As the global economy recovers from Covid-19, the Russia-Ukraine conflict is banking’s ‘big black swan’ in 2022
- Pandemic restrictions are easing in most countries, but investors looking forward to a global economic recovery are now having to prepare for a bumpy ride ahead
- Central banks are tightening monetary policy, along with financial conditions that could lead to a downturn in the economy
As the world continues to relax pandemic measures and central banks raise their rates and tighten policies, investors would do well to consider two key features of the market – inflation rates and economic performance.
With Covid-19 starting to ease in 2021, the global economy has been able to recover to varying degrees.
“In 2022, thanks to large-scale economic stimulus measures, the progress of global economic recovery is satisfactory,” said Kirk Wong, global market and forex strategist of Everbright Securities International.
Many central banks have started to raise interest rates or tighten their monetary policies, and this activity has begun to determine the market trend. “We have turned to investing in assets that tend to have better performance when interest rates rise. The consequence of interest rate increases is tightened capital liquidity, while the subsequent effect is higher market volatility, so our investment strategy also suggests diversifying the risk of interest rates,” said Wong.
“The strategy should be applicable for the next 12 months until the speed of rate increases starts to slow down.”
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Wong added that the unexpected conflict between Russia and Ukraine is creating a high degree of uncertainty for the economy of related regions.
“The Russian-Ukrainian conflict cut off the supply of commodities from these two countries, so we believe that the trade performance of countries that can provide alternative supply will be driven up, which is one of our investment strategies until the end of the war,” said Wong.
As Covid-19 has been brought under control to a certain extent, most nations are relaxing or removing pandemic-related restrictions.
“The gradual normalisation of the workforce and production of goods will effectively ease the tense supply chain and drive trade performance,” said Wong.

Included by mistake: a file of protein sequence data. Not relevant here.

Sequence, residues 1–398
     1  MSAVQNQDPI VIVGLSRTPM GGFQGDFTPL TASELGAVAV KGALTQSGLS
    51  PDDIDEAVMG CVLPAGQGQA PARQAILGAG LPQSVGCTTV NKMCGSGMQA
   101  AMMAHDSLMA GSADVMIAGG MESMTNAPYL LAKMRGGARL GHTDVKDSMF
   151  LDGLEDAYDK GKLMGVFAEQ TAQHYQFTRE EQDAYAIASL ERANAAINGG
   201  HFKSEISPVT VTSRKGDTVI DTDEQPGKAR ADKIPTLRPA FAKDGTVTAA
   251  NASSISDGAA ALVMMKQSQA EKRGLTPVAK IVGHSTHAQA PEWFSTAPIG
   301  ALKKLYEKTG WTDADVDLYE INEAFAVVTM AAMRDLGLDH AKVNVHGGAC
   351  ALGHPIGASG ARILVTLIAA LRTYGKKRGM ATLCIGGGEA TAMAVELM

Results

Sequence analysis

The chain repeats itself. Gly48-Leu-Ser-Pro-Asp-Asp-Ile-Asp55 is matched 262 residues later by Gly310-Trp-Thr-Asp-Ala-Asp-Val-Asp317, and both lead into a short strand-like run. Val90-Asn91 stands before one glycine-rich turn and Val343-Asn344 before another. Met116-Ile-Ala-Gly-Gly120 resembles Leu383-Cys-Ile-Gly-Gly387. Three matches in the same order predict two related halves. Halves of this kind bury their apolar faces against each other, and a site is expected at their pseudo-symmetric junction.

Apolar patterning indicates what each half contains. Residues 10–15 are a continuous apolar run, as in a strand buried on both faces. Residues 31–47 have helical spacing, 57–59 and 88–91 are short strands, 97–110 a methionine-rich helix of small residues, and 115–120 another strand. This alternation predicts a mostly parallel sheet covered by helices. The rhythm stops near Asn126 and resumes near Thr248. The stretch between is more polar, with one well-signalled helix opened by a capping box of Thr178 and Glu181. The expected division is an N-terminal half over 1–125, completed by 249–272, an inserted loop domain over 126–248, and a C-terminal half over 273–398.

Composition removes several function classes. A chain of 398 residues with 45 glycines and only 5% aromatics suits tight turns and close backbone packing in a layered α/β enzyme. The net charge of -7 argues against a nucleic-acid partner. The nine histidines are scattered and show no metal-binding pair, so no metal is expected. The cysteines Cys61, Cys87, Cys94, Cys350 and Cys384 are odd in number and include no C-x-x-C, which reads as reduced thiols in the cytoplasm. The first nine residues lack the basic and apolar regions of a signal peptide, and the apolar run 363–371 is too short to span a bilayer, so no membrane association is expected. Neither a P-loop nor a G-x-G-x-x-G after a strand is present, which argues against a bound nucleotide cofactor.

However, he noted that the Russia-Ukraine conflict is bringing a great deal of pressure to the global economy. “Since both countries are major exporters of agricultural, energy and metal products, the general rise in commodity prices is fuelling inflation further. Most central banks have begun or committed to tightening monetary policy, which may have negative effects on economic growth,” said Wong.
He also believes that investors need to pay keen attention to two areas of economic data: namely inflation rates and economic growth.
“One is whether the inflation rate (CPI) can fall from the current high level, while the other is whether economic growth (GDP) can be maintained,” said Wong.
Dominic Schnider, head of global commodities and forex at UBS Global Wealth Management’s Chief Investment Office, expects inflation to peak in the second quarter of 2022 and then slow down. But he added that inflation will remain a factor due to service side bottlenecks and energy price volatility, with inflation (CPI) to end the year at 4 to 5 per cent in the United States.
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“The risk of the economic downturn is increasing as central banks have begun to tighten monetary policy, along with financial conditions that could lead to a downturn in the economy. Stagflation may happen and plunge the economy into recession eventually if CPI or GDP growth does not change the current situation,” said Wong.